A history of court battles
Together with his mother, Sarah, Silman decided in 2008 to sue the National Insurance Institute. He and his mother claimed damages of NIS 8 million because of the seizure of his trucks that he said led to the loss of his business. But to file the suit he needed to pay a court fee, which he said he could not afford.
The court turned down his request to waive the fee and the case was never heard. The court registrar called Silman’s claim “baseless.” Silman appealed the decision to the Tel Aviv District Court, but it was turned down in 2010.
In a Facebook post last March, Silman urged his friends to organize protests against the institute: “I think that considering the upcoming appointment of a new director general of the NII, which is actually the Anti-Social National Insurance Institute, which has throughout the years caused the most cases of injustice by any governmental service to the weakest segments of society − and continues to do so daily − we should organize protests in front of NII offices,” he wrote.
Silman began working as a taxi driver, but made very little money, according to an affidavit and documents, submitted with his damages claim against the institute. Meanwhile, as his financial situation worsened, his bank account was seized, and all his savings and insurance benefits were either seized or used to pay his debts, estimated at hundreds of thousands of shekels. Silman’s mother, a guarantor of his debts, was also left without savings. In order to save her apartment, she legally transferred it to her daughters, free of charge. The court registrar who rejected Silman’s plea to be exempt from the court fee to file his damages suite wrote: “Someone who used this route of property smuggling cannot be heard afterward saying that he cannot pay the court fee.”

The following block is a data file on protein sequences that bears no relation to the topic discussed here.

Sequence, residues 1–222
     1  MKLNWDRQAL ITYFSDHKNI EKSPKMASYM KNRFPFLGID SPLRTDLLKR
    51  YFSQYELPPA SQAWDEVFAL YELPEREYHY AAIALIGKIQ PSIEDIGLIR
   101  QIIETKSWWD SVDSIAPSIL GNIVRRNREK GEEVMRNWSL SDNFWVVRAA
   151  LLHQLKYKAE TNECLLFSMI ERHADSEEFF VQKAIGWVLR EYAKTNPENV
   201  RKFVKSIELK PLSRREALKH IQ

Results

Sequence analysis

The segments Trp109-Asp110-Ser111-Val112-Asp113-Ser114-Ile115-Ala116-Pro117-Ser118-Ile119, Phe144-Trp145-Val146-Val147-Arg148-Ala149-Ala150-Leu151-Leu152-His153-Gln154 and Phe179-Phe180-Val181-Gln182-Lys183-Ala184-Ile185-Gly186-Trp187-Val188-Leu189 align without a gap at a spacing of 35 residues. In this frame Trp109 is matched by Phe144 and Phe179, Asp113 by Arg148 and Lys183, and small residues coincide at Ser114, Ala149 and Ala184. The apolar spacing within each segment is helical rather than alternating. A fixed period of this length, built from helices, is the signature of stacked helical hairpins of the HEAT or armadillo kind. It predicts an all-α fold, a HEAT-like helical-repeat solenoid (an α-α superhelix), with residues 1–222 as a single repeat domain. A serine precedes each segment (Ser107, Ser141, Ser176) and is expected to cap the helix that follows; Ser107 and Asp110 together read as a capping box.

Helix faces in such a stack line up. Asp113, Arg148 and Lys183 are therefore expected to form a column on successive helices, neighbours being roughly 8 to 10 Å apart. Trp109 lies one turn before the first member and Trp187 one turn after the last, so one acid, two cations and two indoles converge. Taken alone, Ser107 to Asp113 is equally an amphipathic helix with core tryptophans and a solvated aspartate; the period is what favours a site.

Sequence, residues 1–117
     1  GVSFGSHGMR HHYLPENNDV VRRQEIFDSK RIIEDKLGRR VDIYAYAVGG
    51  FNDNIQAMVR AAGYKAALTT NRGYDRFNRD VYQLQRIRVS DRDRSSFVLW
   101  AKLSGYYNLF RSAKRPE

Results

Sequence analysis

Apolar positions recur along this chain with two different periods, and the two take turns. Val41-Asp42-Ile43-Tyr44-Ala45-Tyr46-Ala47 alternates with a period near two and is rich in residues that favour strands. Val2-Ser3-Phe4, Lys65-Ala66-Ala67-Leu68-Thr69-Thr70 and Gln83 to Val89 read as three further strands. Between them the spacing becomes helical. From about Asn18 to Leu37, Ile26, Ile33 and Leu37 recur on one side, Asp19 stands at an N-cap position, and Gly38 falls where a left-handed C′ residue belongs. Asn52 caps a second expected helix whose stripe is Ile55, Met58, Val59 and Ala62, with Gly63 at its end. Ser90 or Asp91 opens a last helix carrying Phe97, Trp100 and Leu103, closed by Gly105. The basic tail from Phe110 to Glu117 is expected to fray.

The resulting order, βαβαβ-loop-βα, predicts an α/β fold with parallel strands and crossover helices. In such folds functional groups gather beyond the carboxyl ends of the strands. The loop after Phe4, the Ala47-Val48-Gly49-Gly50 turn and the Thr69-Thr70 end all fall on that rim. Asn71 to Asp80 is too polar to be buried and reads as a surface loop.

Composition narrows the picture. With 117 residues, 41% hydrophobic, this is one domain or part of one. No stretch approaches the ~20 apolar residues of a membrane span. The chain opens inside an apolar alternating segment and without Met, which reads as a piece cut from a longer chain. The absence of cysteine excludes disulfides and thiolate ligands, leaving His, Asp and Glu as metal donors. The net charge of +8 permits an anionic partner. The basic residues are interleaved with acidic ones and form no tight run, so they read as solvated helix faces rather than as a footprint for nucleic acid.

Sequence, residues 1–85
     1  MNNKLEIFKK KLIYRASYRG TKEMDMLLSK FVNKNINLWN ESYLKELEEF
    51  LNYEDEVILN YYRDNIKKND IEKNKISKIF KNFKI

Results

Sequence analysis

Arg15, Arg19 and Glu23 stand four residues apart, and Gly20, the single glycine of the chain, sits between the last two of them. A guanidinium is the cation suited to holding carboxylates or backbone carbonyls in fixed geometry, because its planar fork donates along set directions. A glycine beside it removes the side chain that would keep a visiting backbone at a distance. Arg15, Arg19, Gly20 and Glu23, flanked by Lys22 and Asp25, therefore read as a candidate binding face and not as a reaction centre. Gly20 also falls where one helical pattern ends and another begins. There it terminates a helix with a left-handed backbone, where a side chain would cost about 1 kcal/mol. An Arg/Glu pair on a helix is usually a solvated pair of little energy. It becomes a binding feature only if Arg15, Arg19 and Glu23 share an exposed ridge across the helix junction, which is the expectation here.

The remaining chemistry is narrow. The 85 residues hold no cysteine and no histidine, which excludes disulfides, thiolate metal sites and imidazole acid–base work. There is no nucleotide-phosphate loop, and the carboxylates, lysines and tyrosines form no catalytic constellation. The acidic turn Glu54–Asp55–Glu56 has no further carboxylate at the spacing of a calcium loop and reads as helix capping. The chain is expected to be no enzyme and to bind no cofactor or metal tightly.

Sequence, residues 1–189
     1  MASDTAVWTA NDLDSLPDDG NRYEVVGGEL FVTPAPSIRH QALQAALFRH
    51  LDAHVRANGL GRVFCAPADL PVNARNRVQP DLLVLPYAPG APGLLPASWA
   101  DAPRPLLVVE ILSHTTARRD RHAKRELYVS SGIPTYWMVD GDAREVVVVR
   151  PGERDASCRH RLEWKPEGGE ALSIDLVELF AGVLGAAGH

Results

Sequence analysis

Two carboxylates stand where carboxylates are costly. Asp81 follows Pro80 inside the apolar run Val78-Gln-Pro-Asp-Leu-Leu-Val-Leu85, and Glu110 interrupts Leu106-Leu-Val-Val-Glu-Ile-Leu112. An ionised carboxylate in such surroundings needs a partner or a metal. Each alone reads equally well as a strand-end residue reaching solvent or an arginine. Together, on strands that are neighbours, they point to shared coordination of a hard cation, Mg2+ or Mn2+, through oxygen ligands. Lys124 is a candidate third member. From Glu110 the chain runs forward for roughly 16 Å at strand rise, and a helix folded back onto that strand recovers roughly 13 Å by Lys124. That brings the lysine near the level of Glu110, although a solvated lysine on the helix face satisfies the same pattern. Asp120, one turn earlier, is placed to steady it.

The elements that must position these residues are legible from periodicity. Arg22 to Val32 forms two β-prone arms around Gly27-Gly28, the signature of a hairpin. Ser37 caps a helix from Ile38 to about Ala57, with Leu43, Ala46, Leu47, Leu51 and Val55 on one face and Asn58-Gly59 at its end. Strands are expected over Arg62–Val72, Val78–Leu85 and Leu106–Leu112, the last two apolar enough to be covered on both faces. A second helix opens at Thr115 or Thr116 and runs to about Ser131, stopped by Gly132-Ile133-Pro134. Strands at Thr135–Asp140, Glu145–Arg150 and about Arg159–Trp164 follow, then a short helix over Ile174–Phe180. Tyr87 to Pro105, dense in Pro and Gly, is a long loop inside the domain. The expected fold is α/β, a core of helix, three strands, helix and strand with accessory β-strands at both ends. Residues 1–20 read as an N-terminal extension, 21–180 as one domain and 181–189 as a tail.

After losing his driver’s license because of his debts, his health began to deteriorate. The NII assessed his loss of ability to work at 50 percent and gave him only a limited allowance. Avri Raviv, who went with Silman several times to the institute said: “Like the cliche says, the handwriting was on the wall. Silman threatened suicide more than once to them. The representative of the psychiatric committee told me that people who threaten, don’t do it.”
But then, last summer’s social protest put wind in Silman’s sails. He began to participate regularly in rallies and became well known in Haifa’s small activist community. Idit Lev, who was one of the people closest to him, said: “He was always trying to turn over one stone and then another, to see if he could move ahead somehow.”
He spent his days looking for work, in endless lines at the health maintenance organization and in attempts to fight the Housing Ministry for help with rent. He filed four such applications with attorney Becky Cohen-Keshet, all of which were rejected on the grounds that he once owned an apartment and had no children. A fellow activist said after Silman set fire to himself Saturday night: “Moshe chose to harm himself in protest. It’s terrible when a person has to commit an act like that to explain their situation to people.”